Market Share At Any Cost

Going after market share with a low price strategy may look attractive in a competitive environment with no clear differentiation between the products. But when price is the only appealing factor, companies stand to  lose value in a spiraling price war.  The lure of market share is more prevalent in consumer products where companies are destroying value and commoditizing their premium brands with price cuts.

The newly appointed CEO, Paul Polman, of embattled Consumer Products maker, Unilever, has this to say about his strategy:

We are not going to have a mentality to grow at the expense of others

He was quoted as saying that he would avoid fighting for market share at any cost, a trap that lead companies to cut prices too steep or chase low-margins products.

Mr.Polman nailed it.

Can Brands Make You Break Out In Hives?

Brands are like people, they have personalities. Well not quite, we as consumers tend to attribute human like personalities to brand. If we are allergic to certain human personalities, can we be allergic to brands too?

MarketPlace.org Beach Reads recommends a 2003 novel, Pattern Recognition. It was described as “the most finely observed and entertaining text on branding that’s ever been written”, by the reviewer Karrie Jacobs. Karrie describes the novels heroine Cayce Pollard to be “literally allergic to logos. The Michelin Man for example makes her physically ill”.
While this level of brand sensitivity and reaction reads like hyperbole, there is certain truth to the emotional response. In her 1997 paper in the Journal of Marketing Research, Prof. Jennifer Aaker described five dimensions of brand personalities:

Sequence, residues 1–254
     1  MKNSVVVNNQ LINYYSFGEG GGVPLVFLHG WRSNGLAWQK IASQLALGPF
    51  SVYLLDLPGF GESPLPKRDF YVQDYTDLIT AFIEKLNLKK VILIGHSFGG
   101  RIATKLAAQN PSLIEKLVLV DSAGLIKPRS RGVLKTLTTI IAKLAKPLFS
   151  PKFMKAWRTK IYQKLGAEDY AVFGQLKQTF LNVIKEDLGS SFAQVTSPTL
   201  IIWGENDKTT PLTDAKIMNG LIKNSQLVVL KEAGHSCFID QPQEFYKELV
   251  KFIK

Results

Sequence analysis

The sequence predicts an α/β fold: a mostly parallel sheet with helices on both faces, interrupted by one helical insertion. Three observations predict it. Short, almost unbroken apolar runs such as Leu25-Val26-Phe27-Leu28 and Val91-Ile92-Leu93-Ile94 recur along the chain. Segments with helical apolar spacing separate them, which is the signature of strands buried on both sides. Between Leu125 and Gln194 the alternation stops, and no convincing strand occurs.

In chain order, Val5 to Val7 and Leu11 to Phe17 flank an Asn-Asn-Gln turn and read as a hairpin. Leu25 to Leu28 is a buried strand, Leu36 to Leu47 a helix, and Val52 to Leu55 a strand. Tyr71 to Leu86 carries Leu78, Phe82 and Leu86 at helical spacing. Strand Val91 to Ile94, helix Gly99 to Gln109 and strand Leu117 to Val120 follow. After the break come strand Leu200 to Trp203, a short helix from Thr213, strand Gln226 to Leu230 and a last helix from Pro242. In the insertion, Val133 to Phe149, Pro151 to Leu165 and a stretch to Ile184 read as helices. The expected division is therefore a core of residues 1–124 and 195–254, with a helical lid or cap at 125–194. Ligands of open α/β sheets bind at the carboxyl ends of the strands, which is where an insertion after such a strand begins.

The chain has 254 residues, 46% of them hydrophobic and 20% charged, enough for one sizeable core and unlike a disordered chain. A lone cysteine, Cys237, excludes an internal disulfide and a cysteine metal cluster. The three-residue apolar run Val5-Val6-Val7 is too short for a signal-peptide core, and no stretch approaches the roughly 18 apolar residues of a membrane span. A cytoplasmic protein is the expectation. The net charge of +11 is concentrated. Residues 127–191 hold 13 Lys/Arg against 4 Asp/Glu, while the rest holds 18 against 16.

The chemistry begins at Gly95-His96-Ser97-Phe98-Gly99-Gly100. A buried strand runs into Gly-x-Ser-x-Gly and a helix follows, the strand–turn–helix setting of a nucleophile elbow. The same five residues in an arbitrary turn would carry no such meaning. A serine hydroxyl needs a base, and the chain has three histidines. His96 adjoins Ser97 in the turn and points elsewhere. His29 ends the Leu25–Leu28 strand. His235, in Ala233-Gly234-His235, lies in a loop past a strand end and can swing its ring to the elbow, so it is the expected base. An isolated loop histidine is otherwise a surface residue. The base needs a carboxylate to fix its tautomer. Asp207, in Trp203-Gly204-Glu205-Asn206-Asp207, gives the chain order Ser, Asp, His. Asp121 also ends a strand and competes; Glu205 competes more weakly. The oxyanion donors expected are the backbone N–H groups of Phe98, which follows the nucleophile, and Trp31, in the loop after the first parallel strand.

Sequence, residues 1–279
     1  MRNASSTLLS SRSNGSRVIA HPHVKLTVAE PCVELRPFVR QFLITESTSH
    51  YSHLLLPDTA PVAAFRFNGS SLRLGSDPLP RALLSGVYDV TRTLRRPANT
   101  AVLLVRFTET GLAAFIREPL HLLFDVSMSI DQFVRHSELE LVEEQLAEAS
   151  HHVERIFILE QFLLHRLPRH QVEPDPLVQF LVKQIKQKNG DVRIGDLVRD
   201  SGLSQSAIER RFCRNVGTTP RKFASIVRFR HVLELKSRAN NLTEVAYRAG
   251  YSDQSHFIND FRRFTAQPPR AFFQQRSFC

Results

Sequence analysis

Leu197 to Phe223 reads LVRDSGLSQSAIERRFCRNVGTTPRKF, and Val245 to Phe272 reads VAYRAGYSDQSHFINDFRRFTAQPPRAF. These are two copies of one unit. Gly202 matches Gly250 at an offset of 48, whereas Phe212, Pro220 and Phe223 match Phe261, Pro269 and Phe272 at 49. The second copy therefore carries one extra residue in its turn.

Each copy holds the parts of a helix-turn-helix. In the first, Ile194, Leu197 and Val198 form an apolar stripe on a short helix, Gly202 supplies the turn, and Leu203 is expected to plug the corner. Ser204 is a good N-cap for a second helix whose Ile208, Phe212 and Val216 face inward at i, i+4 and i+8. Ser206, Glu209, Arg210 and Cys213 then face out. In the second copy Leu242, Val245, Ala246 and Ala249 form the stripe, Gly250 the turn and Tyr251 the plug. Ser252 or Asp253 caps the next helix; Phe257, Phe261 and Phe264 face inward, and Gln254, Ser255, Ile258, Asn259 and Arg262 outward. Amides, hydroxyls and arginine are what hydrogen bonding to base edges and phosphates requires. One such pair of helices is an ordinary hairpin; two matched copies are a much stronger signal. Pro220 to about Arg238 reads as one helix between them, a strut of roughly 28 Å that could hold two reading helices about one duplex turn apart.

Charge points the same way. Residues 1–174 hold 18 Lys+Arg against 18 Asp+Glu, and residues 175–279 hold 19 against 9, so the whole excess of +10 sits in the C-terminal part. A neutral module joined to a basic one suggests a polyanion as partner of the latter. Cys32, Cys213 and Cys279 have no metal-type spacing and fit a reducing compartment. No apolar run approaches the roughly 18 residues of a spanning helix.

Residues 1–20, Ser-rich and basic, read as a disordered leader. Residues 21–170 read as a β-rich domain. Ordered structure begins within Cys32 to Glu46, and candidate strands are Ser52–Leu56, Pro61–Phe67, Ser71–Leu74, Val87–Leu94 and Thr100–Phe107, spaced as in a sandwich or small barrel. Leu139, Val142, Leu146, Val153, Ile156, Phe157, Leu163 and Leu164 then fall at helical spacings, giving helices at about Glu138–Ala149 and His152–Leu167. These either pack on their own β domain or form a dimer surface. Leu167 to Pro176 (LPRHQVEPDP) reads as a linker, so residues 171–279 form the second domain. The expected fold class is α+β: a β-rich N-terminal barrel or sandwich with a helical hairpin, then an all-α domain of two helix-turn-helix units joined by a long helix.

1. Sincerity
  2. Excitement
  3. Competence
  4. Sophistication
  5. Ruggedness 

If a brand’s personality dimensions are not aligned with those you require of a brand, the brand is bound to cause a negative response.

You have the option of not standing in line

When I was walking by the Apple Store in Emeryville on the Saturday after the iPhone 3G release, I saw a line about 100 deep. Everyone in the line seemed happy “just to be there”. It was surprising to me because, iPhone 3G is not that big a change from the version released an year ago and it was the day after the release.

The people who were standing most probably wanted to and liked standing in line. Quite possibly they stood in line for every Apple product release including Leopard. These are the people who “want to be inspired”. After years of experiencing average products, these people are carried away by Apple’s design and simplicity. Despite the fact that neither the iPhone 3G nor an Operating system will ever be in short supply, they choose to stand in line.

The problem with wanting to be inspired is that one has to give up the economic decision making or worse, rationalize their actions. A colleague  of mine who had bought the original iPhone before the prices dropped, declared, ” I am not at all unhappy the prices dropped, I would not mind if they had not announced the $100 store credit, because I got to use my pone for 3 months and it was totally worth it”. Again there is a choice and if indeed a person want to put an economic value of overpaying for the pride and pleasure of using it before most, then they can. In the case of this specific individual, it is a case of managing cognitive dissonance – the person is aligning their mind to the new reality. They are saying to themselves, ” I did not overpay, I was not suckered into doing anything I did not want to, I did that on my own will because I loved the product so much and got to use it for 3 months that was worth paying $100″.

On related note, there is another class of people who have been waiting to be inspired and they found their inspiration in Obama. The problem with choosing based on inspiration and not on economical decision making process is that we choose to ignore flaws, however big and choose to be downward counterfactual. We take it to the extreme and start attacking anyone who raises a counter-point.

At the end of the day, choosing a product or president is just that, a choice. You can’t blame others for “making you stand in line”.